In reply to this post by Stefan Reich On Sat, Oct 01, 2011 at 08:43:02PM +0200, Stefan Reich wrote: > Well... I would generally say that I am not totally happy with the way > arrays and lists in Lua work. It's probably the only thing I would > change right now if I was to change something in the language. > ... > I find the relation between nil and lists also confusing. > ... > I have to say: Arrays in Lua are indeed a little confusing. > Only while you still think in some other language. Think of it this way:   1. Arrays and lists are not part of the language.   2. Lua has only one data structuring mechanism: `table`.     3. A table is a map from "keys" to "values".     4. All Lua values except `nil` and `NaN` are keys.   5. Any Lua value can be a "value".   6. If you have not assigned a value to a key, the value `nil` is      associated with that key.   7. Whether a particular nil is actually stored, is an implementation      detail that does not concern the user.   8. The function `pairs` iterates over those (key,value) pairs for      which the value is not nil, in some undefined order.   9. Since the particular set of keys (1,2,3,...,n) occurs very often in      applications, Lua offers extra support for those.      - the length operator `#`      - the function `ipairs` which iterates over the (key,value) pairs        in the well-defined order 1,2,3,...      - the table library      - the abbreviated table constructor with implicit keys      It is convenient to call such tables "lists" or "arrays".  10. Those functions do not actually fail on tables that are not lists,      but their results are not as useful in those cases.  10. A set of keys like (1,2,3,5,7,8) is not in any way special, although      the abbreviated table constructor allows you to define such a set      with the aid of nil values.  11. Whether a particular nil is actually stored, is an implementation      detail that does not concern the user.  (We've said this before,      but it is worth repeating.)  12. Whether the implementation of a particular table takes advantage      of the fact that it is in fact a list, is a detail that does not      concern the user.     Dirk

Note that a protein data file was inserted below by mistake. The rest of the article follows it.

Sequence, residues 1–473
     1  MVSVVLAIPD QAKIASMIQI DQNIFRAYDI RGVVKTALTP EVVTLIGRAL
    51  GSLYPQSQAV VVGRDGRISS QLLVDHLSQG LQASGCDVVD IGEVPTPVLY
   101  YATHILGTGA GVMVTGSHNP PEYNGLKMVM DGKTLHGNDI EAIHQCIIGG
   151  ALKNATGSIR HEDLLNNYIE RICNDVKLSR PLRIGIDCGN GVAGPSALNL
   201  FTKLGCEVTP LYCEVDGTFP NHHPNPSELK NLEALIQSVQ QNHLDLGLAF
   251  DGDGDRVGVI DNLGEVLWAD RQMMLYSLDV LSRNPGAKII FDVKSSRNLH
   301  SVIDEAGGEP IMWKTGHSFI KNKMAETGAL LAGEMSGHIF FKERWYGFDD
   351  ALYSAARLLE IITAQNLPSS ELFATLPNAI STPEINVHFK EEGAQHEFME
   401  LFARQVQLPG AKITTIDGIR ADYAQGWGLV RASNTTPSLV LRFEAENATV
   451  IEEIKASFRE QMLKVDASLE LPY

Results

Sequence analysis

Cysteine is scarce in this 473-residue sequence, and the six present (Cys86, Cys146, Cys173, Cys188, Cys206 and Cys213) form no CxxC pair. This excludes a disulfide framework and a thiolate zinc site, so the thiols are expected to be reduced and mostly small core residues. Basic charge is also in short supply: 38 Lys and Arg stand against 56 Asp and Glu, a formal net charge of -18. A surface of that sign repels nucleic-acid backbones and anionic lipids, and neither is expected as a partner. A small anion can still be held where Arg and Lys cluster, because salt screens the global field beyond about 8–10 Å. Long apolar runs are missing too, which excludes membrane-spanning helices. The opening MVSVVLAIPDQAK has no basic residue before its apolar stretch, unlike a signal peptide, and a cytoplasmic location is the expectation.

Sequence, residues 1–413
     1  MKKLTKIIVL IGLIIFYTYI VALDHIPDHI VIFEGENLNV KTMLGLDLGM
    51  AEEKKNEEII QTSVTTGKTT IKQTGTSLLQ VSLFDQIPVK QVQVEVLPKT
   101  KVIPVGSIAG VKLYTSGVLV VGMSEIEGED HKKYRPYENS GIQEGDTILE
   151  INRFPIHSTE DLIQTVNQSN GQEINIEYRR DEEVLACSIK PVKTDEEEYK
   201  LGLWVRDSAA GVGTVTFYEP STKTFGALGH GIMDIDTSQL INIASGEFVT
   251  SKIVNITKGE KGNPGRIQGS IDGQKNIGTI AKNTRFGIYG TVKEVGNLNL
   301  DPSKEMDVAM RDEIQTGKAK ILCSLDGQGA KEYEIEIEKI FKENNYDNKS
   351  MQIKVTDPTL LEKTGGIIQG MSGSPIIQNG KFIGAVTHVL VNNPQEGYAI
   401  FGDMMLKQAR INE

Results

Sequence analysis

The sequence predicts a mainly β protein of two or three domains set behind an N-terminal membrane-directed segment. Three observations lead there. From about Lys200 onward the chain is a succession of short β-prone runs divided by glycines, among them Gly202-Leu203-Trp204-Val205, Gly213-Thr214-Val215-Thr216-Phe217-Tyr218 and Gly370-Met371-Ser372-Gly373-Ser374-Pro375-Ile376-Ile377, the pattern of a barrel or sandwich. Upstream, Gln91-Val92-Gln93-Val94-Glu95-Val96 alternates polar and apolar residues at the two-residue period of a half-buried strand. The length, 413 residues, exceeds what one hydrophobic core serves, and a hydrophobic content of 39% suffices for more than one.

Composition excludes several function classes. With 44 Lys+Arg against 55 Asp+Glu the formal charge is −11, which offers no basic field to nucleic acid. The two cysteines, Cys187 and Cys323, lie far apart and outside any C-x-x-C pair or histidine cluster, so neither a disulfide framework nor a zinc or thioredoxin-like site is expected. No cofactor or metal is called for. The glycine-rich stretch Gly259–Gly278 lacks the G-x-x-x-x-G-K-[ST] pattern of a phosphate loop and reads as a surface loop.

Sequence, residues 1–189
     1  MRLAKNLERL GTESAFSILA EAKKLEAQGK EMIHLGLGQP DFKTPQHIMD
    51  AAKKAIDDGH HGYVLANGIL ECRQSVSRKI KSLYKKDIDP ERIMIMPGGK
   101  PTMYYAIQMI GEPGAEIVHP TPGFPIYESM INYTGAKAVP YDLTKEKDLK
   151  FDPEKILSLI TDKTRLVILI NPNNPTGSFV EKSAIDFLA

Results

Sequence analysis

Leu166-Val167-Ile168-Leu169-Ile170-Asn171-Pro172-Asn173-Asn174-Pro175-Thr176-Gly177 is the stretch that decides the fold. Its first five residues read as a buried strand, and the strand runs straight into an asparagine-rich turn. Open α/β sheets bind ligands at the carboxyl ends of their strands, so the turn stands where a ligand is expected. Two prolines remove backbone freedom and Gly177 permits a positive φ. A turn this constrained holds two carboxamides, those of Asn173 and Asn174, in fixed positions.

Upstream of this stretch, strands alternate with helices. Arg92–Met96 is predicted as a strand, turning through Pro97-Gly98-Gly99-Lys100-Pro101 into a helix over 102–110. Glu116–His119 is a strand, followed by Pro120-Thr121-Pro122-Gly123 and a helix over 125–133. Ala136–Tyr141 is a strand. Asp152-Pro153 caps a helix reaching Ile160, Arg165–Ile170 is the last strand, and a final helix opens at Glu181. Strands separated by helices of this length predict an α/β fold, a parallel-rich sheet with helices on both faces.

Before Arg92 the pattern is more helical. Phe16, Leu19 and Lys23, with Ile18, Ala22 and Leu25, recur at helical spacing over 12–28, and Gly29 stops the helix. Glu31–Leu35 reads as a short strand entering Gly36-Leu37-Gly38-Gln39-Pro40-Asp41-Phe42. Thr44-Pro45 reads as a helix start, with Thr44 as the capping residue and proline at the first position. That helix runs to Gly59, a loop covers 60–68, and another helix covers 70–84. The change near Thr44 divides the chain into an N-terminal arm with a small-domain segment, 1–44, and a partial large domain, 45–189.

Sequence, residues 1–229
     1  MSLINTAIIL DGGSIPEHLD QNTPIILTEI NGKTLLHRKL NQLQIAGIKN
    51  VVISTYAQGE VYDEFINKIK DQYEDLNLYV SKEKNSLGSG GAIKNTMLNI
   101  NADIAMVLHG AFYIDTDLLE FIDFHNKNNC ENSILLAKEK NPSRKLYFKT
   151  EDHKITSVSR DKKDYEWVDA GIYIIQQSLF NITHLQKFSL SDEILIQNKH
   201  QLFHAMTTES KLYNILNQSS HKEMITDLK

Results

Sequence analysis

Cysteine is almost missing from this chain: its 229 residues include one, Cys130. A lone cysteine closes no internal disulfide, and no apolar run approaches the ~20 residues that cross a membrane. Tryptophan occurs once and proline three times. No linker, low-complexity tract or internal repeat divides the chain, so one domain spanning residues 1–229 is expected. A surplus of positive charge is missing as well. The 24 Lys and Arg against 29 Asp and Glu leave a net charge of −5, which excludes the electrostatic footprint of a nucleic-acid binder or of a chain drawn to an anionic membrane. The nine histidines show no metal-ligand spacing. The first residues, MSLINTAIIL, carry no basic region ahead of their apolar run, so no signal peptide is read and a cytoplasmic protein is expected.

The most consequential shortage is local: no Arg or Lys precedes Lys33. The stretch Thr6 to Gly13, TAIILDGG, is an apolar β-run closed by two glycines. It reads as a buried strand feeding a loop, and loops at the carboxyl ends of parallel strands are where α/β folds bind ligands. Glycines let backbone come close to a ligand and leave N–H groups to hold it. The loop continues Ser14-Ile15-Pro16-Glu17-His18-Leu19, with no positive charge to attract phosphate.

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## Re: A very basic thing I don't get